Yuval Tal Drives Democratization of Global Payments With Payoneer

Yuval Tal Drives Democratization of Global Payments With Payoneer

While political uprisings all over the world are making headlines, another less visible dramatical change is also underway. This upheaval crosses national boarders and comes at the intersection of payments and e-commerce. The old regime was typified by a comparatively small number of large merchants processing large numbers of in-country transactions. The “insurgency” is being pushed by an increasingly large number of small merchants located all over the world. And the quantity is increasing at a startling rate. Unfortunately, legacy payment infrastructures are not capable of efficiently managing the global aspects of these changing economies. With the help of Yuval Tal and his company, Payoneer, this is quickly changing.

This new world order is pushed by industries including, mobile applications, freelance outsourcing, gaming and outlets like the iTunes&reg store. Comprised mostly of individuals and small teams, these smaller merchants and developers represent the “democratization” of modern day e-commerce. Were this dramatical change limited to one country, the change to the new form would be comparatively smooth, as payment infrastructures within developed countries tend to be strong. When we start looking at underdeveloped nations — and cross-border transactions in general — the efficiencies quickly break down.

Let’s take the US as an example. There are three strong payment platforms in this nation: i) the credit card companies (namely Visa&reg, MasterCard&reg and American Express&reg), ii) the Federal banking system with paper and electronic checks (ACH), and iii) PayPal – the predominant different payment network. Keep in mind that only the latter two have historically been used to pay merchants. We will see momentarily how Yuval Tal, Payoneer and the branded prepaid debit card are changing this. Now, consider a native US application developer selling its wares on platforms like iTunes. For this developer, getting paid is easy. Most application stores will tend to remit payment by ACH because it is extremely inexpensive.

Most developed nations enjoy the same basic infrastructure with some subtle differences. Getting paid in-country is comparatively simple, with multiple choices at varying costs. In developed countries, like the “G7” nations, vendors may get paid via direct debit or via wire move. PayPal and more localized different payments also exist in most of these countries. Vendors and sales platforms usually arrive at a payment choice based on cost and convenience.

Now, let’s take the case where the developer and the sales platform are in different countries. All of a sudden, payment options become a lot more limited, and have a lot to do with sophistication of the banking systems within the respective countries. Generally speaking, it has always been possible to remit payments via wire move. Unfortunately, this method can be time consuming and expensive. Usually, both payer and payee incur a fee, and these fees tend to be a lot more expensive than ACH (in US) and direct place in other places. What’s more, in some countries it can take up to 10 days for a wire move to clear. But, what about remitting payments to vendors in countries with less developed or more restrictive banking systems?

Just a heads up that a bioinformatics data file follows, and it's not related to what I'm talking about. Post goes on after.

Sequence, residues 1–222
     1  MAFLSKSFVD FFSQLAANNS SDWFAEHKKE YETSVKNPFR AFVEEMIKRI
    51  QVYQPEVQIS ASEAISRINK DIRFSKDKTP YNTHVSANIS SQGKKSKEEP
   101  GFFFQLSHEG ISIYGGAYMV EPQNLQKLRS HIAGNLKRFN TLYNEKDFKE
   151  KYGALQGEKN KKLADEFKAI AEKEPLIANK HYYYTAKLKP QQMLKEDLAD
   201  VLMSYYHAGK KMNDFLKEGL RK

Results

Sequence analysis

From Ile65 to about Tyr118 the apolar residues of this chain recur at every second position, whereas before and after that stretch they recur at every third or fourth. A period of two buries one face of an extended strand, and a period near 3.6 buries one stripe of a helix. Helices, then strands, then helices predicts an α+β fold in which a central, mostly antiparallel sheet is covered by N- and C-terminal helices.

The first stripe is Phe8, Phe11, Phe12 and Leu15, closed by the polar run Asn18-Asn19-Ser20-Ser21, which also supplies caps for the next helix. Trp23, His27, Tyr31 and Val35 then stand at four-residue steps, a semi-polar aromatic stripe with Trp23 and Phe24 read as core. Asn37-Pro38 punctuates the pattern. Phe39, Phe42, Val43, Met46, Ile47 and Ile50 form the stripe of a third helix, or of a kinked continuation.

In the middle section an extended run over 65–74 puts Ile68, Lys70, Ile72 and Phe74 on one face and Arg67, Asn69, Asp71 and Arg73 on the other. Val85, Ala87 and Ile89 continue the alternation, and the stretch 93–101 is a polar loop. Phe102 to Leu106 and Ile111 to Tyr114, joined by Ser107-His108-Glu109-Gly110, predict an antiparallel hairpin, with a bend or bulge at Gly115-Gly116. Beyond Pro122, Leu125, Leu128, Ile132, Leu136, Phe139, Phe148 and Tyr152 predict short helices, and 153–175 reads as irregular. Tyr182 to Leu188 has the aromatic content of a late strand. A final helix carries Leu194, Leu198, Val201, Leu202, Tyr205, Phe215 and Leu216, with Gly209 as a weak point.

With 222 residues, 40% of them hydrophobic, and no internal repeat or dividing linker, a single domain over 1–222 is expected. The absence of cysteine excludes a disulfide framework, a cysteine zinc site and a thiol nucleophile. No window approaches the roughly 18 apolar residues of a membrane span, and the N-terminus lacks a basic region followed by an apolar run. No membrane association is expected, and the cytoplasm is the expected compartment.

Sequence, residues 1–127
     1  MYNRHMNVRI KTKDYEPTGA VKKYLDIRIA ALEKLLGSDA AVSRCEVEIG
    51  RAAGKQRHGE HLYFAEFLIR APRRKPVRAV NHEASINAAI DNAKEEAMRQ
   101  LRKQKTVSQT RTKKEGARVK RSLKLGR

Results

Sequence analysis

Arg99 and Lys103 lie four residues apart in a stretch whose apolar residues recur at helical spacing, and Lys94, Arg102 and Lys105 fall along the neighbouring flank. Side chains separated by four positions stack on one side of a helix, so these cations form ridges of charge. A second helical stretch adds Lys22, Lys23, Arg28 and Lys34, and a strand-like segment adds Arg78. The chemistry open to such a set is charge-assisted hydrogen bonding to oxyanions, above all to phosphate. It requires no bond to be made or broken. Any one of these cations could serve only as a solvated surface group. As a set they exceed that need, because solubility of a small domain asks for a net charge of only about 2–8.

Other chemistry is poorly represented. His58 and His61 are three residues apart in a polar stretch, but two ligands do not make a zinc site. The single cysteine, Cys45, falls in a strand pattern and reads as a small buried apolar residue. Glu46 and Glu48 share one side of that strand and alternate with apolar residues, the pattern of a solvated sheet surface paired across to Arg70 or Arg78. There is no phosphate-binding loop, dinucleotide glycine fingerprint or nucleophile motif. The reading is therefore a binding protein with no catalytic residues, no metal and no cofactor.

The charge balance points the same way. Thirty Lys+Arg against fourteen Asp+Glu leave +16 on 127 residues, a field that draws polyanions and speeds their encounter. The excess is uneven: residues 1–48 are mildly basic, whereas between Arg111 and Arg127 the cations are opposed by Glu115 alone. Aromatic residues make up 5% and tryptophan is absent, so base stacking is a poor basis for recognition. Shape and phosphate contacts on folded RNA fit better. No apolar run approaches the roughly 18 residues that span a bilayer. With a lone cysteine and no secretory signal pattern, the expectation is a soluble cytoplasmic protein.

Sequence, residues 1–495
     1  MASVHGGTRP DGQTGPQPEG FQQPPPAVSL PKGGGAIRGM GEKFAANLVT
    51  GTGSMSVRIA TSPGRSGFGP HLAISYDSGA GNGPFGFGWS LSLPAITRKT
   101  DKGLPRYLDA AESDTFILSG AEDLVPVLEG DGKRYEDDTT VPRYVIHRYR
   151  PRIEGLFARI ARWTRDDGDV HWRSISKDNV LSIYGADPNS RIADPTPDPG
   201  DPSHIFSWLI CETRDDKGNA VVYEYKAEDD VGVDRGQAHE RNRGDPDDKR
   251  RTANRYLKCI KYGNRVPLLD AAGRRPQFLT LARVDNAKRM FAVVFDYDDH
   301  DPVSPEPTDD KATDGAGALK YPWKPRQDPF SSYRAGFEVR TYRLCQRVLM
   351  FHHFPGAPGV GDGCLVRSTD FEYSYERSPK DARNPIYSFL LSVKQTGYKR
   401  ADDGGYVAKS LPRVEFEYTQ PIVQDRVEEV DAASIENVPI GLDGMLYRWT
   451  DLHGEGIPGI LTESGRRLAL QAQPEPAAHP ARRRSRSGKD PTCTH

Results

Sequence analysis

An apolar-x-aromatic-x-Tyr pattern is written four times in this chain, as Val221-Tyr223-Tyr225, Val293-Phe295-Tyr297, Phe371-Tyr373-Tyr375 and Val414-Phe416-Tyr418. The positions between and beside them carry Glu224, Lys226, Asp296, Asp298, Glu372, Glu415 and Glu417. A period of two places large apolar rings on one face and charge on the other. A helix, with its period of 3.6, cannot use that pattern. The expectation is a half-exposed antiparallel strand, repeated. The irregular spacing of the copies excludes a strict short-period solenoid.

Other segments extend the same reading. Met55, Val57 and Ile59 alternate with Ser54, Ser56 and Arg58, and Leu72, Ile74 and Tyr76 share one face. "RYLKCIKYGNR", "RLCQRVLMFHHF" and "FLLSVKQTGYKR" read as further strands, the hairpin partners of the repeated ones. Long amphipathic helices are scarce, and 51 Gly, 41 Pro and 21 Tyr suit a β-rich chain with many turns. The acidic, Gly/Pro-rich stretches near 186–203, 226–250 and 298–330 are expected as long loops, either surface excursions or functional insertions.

“When you discuss the democratization of e-commerce, the last places you probably think of are China and Russia – former bastions of anti-capitalism,” says Payoneer CEO, Yuval Tal. “Interestingly enough, both areas are becoming major players in the digital world.” It is widely accepted that Russia and China have developed a reputation for producing some of the world’s best educated software engineers. Many of these engineers are writing apps for mobile devices and freelancing their skills to companies across the globe.

Getting paid in these countries has not necessarily been that straightforward. Of course, making in-country payments has always been the easiest. While not as developed as the US or EC, these banking systems are capable of processing paper checks and various types of electronic interbank payments within the country. But, what about cross-border transactions? It is said that character abhors a vacuum, and this can be seen in both China and Russia. different payment systems like Alipay in China and to some extent, WebMoney in Russia are trying to fill the void. Both are leading “third party” payment companies within their respective countries, and both are trying to augment their cross-border functionality.

Competition for international remittance is heating up, and the credit card associations like Visa and MasterCard may very well have the greatest advantage. “Why should vendors and digital merchants use money to develop a strong international remittance solution when an existing network can easily do the job.” asks Tal? “Why string up 15 square miles of copper phone lines when you can put up one cell tower?” The card brands offer a complex, well developed financial network. People like Yuval Tal have leveraged this network to create reloadable pre-paid debit card programs that make it possible and economically possible for vendors to get paid on their own debit cards in spite of of where they live. These cards can be used to withdraw cash in local money at millions of ATMs worldwide. They can also be used to buy goods and sets from merchants accepting the brands.

The democratization of e-commerce is well underway, and the international payment infrastructure to sustain it is following quickly behind. Traditional bank payments are giving way to third party alternatives. It should be no surprise then, that people like Yuval Tal, his company, Payoneer, and the ubiquitous debit card card may offer the cheapest, most expedient solution of all.

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